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There are many questions in the field of English Literature which are valid and interesting, but which are simply not answerable: either by you, with the resources available to you as an undergraduate, or because of lack of evidence to work with.

The question you set needs to be answerable with the resources you currently have. This might include:

  • Time: You have very limited time to work on a supervision essay, and it is easy to be overly ambitious in setting a question. This is also relevant if you have a set word limit (e.g. in a portfolio essay or dissertation). It is better to prioritise depth over breadth; work with a smaller issue or theme, or fewer examples and analyse them in more detail, rather than trying to cover too much. If your question is too broad, then you will only be able to cover your answer in a descriptive, superficial way.
  • Skills: When setting a question, think through what you might need to be able to do to answer it. As an undergraduate, you may not, for example, have the specialist skills to analyse the composition of a manuscript or read fluently in the language in which the key scholarship is written. If your question is interdisciplinary, do you have enough knowledge of the skills and methods of the other discipline (e.g. History)?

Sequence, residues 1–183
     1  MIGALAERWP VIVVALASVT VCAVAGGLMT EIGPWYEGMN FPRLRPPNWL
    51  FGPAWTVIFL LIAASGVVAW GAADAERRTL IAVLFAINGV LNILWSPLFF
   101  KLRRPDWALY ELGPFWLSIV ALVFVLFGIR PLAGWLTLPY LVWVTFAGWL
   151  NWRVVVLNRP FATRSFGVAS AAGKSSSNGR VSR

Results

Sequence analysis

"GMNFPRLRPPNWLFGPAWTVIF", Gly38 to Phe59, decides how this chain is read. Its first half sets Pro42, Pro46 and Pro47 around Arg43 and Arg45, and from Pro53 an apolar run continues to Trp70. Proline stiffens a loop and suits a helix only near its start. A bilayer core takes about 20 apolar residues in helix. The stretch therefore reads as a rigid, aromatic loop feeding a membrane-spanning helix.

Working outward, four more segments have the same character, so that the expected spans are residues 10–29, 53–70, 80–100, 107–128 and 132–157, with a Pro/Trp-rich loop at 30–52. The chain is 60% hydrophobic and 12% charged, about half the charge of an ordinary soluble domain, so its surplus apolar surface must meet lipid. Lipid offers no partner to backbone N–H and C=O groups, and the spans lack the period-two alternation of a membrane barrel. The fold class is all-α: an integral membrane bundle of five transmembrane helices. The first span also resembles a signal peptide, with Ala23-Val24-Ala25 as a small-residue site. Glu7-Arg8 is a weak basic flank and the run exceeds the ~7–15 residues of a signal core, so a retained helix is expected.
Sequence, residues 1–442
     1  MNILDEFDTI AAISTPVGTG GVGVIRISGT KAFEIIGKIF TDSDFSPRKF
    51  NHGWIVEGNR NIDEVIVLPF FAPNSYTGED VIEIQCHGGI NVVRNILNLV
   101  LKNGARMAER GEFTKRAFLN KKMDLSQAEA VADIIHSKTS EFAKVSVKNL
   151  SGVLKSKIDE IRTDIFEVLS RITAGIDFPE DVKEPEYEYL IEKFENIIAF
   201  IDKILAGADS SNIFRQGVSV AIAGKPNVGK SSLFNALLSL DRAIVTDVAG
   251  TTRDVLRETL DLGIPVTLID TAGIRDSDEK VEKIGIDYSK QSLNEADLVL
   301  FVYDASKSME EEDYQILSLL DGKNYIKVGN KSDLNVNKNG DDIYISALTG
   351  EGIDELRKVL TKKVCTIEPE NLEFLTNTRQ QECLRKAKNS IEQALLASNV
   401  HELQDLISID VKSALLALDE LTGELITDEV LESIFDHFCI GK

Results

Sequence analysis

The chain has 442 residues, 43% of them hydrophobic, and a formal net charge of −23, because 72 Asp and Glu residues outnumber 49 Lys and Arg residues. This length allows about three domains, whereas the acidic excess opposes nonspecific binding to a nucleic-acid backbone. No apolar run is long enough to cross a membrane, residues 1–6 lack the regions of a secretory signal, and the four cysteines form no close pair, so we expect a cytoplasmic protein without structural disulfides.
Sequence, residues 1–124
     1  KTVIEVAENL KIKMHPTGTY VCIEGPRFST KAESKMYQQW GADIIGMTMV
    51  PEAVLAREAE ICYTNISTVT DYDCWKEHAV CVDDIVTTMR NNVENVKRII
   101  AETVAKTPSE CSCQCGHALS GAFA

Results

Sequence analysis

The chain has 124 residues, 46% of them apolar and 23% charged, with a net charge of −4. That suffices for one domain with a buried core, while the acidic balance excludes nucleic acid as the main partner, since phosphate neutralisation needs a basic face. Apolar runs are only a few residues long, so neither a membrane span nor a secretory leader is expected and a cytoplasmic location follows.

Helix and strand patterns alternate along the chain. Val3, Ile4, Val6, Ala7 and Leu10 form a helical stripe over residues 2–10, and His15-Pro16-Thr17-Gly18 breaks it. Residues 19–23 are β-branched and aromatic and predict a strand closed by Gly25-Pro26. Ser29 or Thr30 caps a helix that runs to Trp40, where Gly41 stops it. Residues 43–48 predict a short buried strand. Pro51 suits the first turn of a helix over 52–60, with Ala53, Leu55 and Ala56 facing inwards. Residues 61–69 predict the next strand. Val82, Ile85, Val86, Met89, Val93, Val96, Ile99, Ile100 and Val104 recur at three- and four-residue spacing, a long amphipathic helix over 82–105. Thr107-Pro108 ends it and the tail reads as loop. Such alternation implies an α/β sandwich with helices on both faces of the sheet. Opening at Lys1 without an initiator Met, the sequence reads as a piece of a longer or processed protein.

• Access: Consider the resources you will need to answer your question. Check that they are available to you (e.g. whether the University Libraries own copies or subscriptions) and whether as an undergraduate, you are permitted to access them. Also think about how long it might take to access the resources, if books are on loan or need to be ordered.
  • Evidence base: in newer fields of research, the evidence base from which you need to argue may not yet have been established. In other cases, it may not be extant, or may never have existed. Consider what kind of evidence you will need.
  • Focus: Ensure that your question or problem is clearly defined, even if it is not directly phrased as such in the title. If you do not have a focussed problem or question, your answer may become descriptive and superficial. Many supervisors allow first year students more lattitude in exploring an issue rather than addressing a strict question, partly to allow them to develop their own ideas after the constraints of A-level. However, even in a looser essay topic, the focus should be on the higher learning skills such as application, analysis, synthesis or evaluation to achieve some end, rather than aimless description.

Remember, however, that a supervision essay is intended to be a means of developing and exploring ideas, rather than a definitive answer. There may be wrong answers, but there is never a single right answer in English. As long as it is possible to attain some sort of conclusion, then you should not stick to setting yourself easy questions, but take some risks and set yourself some challenges.